Needless to say, you will find male vocalists who do a myriad of weird things inside their songs – Elton John’s joyfully campy falsetto of ‘LAAAAAAA-la-la-la-la-laaaah, la-la-la-la-LAAAAAAAHH’on Crocodile Rock is epic and fun to wail along to. Sir Paul McCartney could, and probably still can, go from crooning gently a tune like Maybe I’m Amazed to Helter Skelter. I probably will never understand why the half-spoken, half-sung delivery of Mark Knopfler and David Wilcox works so well, nonetheless it does. Mind, the truth that they’re both excellent lyricists also comprises for a lot. Michael Jackson’s voice was high and obviously he did his signature ‘heh-heh’…but the man was a helluva performer and let’s face it, with Thriller, both song and album, he singlehandedly saved the recording industry from total collapse. Hell, I’ve seen one-time Metal Queen Lee Aaron singing torch songs in a little bar called the Railway Club in Vancouver; she was amazing. No tricks there.
Why, in regards to Britney, Mariah Carey, Christina Aguilera (any of them still around?) Lady Gagas and Bjorks and Nikki Minajs and most of the remaining portion of the top-40 crowd do all the more in-studio vocal effects get layered on? Why do all of them sound virtually the same? I don’t hear lots of crap that way being done to the Jonas Brothers, One Direction or Justin Beiber. (Yes, which was probably the most painful 12 minutes of my life).
That’s why I really could tune in to voices like those of Whitehorse, Annie Lennox, kd lang and Metric’s Emily all day. Emily features a clear strong voice that can sound eerily little-girlish, like on Youth Without You, without turning in to a pitchy screech. Are you able to imagine Madonna in her early years pulling off that song? Or something with real meaning to it like Amy Winehouse’s sulky, poignant Rehab? Never. The girls of Mother Mother have a great time doing pitchy vocals on The Stand, however they can afford to – everything else I’ve heard from their website shows lots of talent and range.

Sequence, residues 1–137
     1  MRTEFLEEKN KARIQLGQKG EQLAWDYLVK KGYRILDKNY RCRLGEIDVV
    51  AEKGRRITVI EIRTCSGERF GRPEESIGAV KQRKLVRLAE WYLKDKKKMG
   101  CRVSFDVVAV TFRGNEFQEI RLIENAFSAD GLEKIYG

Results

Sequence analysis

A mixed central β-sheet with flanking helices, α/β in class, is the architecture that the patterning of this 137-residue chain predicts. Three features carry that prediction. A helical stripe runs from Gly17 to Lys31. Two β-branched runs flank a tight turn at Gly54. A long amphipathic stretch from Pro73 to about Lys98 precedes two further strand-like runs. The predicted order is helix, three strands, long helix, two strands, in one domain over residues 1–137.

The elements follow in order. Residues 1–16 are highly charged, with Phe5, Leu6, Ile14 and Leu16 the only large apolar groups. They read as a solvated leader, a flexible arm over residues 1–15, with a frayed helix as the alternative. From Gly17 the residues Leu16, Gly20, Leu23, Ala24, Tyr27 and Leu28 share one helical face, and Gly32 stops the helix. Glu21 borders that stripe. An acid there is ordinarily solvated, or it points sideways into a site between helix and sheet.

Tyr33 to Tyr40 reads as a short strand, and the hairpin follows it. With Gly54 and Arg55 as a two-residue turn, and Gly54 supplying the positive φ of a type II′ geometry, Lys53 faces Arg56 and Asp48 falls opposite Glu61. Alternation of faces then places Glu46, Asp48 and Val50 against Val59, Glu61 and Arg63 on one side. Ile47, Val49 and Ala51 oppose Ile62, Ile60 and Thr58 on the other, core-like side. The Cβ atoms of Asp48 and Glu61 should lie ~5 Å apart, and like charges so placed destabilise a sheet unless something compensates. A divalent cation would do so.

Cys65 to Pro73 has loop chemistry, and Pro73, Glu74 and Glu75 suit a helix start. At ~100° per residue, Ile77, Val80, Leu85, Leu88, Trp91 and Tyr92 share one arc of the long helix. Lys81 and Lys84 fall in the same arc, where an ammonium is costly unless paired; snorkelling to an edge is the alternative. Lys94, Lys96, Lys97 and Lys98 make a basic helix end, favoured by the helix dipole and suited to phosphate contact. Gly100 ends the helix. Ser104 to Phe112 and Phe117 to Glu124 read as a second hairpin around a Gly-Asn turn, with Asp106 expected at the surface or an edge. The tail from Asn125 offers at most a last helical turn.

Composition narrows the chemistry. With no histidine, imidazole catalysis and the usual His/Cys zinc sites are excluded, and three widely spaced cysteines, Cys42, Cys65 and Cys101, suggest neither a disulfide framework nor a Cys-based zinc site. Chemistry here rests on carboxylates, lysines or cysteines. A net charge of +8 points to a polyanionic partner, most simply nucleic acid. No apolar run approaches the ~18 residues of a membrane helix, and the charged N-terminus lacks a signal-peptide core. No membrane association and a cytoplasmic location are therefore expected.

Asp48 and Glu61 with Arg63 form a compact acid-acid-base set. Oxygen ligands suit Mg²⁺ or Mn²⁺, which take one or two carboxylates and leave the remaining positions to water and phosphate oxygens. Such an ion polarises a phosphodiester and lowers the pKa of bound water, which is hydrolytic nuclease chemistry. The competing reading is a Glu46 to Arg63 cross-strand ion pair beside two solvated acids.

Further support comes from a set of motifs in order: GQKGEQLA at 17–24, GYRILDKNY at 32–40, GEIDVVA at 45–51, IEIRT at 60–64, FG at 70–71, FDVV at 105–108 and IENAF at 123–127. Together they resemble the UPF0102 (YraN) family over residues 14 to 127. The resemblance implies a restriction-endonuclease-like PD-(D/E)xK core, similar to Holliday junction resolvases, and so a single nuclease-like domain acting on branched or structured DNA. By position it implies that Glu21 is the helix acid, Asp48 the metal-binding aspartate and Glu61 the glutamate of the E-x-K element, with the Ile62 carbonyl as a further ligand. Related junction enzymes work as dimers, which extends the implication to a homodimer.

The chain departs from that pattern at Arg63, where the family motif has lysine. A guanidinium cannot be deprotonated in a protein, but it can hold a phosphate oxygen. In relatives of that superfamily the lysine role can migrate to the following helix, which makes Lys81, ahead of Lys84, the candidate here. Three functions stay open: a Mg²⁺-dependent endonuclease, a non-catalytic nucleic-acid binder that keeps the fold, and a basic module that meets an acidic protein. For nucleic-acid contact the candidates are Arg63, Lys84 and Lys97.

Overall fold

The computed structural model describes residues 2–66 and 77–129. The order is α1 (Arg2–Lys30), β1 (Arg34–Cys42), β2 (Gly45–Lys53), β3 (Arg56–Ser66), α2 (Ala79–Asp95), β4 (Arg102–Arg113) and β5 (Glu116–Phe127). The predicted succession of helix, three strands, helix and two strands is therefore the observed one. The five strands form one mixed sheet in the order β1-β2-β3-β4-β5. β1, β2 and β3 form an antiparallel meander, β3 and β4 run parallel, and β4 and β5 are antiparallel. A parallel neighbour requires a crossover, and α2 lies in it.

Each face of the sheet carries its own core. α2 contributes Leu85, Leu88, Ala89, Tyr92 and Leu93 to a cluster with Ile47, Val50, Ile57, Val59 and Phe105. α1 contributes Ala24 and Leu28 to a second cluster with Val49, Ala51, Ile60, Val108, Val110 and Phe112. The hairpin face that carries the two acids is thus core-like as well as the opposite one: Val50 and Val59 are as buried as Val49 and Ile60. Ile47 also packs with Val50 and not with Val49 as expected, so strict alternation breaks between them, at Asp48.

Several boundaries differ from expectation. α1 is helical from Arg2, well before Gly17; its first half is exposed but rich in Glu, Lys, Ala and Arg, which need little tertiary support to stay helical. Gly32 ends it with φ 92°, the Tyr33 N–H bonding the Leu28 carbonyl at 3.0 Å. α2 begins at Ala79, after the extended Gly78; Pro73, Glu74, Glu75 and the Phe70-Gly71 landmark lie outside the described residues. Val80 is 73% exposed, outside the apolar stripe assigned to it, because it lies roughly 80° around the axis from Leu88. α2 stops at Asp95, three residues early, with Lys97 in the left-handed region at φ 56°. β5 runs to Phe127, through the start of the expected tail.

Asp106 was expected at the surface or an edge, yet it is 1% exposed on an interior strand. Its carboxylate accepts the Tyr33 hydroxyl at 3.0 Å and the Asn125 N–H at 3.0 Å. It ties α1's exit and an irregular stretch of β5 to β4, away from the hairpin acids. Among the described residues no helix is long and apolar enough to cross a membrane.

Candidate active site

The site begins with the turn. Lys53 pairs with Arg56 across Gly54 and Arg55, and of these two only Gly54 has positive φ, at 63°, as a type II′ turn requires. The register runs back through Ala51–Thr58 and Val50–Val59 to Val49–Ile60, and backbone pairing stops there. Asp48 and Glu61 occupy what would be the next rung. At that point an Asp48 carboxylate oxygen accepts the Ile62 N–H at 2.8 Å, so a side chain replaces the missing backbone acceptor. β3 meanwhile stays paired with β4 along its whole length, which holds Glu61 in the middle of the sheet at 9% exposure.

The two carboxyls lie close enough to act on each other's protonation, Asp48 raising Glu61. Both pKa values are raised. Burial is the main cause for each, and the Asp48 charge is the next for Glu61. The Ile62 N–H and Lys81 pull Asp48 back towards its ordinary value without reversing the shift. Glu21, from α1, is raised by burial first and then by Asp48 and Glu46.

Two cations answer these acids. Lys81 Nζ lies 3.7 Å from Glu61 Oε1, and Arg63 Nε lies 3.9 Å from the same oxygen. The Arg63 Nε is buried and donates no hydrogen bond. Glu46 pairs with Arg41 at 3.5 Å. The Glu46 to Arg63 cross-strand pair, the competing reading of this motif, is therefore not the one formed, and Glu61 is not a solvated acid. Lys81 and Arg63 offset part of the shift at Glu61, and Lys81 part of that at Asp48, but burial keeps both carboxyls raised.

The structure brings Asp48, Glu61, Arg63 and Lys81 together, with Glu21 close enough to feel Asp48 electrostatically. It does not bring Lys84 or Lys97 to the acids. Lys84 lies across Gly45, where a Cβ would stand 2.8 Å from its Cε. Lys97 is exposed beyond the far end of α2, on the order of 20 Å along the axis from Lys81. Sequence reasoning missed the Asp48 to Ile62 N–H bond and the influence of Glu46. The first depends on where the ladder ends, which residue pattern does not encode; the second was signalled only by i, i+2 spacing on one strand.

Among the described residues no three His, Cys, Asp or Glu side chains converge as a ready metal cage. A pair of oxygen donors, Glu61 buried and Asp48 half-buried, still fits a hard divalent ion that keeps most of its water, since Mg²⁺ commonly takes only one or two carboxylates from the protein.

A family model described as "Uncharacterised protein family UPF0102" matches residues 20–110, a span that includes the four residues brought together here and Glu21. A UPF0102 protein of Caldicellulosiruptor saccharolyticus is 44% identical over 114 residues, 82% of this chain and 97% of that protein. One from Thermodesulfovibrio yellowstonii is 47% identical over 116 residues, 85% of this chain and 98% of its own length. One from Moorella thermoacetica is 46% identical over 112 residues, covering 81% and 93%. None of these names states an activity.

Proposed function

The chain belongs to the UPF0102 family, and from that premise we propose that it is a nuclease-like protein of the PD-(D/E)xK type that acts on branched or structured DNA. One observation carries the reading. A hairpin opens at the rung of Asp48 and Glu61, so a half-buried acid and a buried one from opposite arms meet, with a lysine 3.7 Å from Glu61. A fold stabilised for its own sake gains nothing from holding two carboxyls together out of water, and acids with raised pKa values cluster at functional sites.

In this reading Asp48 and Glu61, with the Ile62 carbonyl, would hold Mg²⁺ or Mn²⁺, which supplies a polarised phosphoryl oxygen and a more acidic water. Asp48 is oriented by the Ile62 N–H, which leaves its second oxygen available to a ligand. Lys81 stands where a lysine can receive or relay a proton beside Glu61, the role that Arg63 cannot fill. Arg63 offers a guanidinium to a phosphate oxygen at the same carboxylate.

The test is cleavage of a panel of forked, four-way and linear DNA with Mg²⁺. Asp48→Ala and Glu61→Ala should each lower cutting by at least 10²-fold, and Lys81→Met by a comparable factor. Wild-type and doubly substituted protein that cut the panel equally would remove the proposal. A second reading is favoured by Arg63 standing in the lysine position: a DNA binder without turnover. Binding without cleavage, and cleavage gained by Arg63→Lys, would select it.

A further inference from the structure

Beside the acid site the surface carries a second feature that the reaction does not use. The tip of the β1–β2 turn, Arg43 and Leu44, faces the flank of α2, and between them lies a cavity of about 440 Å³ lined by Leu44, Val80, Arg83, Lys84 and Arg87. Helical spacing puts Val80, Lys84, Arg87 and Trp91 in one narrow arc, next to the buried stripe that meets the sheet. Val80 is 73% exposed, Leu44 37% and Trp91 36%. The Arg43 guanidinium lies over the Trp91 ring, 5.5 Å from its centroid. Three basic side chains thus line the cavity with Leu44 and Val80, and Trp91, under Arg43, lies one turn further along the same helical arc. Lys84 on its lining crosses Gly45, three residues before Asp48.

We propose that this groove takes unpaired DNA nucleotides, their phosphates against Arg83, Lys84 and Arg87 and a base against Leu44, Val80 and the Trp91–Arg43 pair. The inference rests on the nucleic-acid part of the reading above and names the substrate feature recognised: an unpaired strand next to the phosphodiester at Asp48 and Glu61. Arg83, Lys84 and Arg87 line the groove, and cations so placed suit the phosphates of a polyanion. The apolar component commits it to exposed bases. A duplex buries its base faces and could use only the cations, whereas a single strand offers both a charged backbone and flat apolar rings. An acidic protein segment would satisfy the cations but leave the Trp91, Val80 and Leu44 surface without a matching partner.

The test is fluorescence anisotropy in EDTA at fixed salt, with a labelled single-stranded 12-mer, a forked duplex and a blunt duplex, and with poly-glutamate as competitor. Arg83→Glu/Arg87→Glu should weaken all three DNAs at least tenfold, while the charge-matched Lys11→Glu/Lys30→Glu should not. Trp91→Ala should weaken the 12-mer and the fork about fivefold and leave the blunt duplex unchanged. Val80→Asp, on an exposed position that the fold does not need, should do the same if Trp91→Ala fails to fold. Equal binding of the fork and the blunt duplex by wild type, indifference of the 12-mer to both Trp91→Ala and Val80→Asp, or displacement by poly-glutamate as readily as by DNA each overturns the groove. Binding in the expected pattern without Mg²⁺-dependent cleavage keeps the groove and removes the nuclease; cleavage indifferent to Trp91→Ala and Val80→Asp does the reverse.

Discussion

Give me the tortured howl of Janis, or Gin Wigmore, whose aptly named album, Gravel and Wine, which may well be what she gargles with each day, and that is clearly a good thing. I didn’t care for her and Black Sheep at first, but she grew on me, much in the same way Radiohead has, because Thom York does so much vocally. I can also tune in to Shania, Bette Midler and pre-Autotune Cher, which came in handy several years back when I was chilling out with drag queens in Vancouver. And to offer Madge some credit, at the very least she was allowed to eventually outgrow the drugged-out mouse voice and develop some range and actual dance moves.
But then you will find those people who are pure genius. And to me that means the main one and only Cyndi Lauper. She’s So Unusual was the best-named album ever; she was an animation come to life. She could and did joyously yelp her way through Girls Just Wanna Have Fun and She-Bop (hilariously bizarre video, too)…then sing a tortured rendition of I Drove All Night. Time After Time and True Colours also show the extent of this amazing little woman’s range.
In order I was driving home today and heard Gwen Stefani caterwauling away on radio stations, I couldn’t help but believe that I would give her a break. I’ve never heard her regular speaking voice before, so I scared up a youtube video of her on the Ellen Show. Maybe she’d no choice. Maybe which was all she has.
A couple of seconds of hearing Gwen were more than enough to convince me that yep, she’s just a one-trick pony. That voice is all she’s got. Out of curiousity, I scrolled down seriously to the comments below. And there clearly was this comment: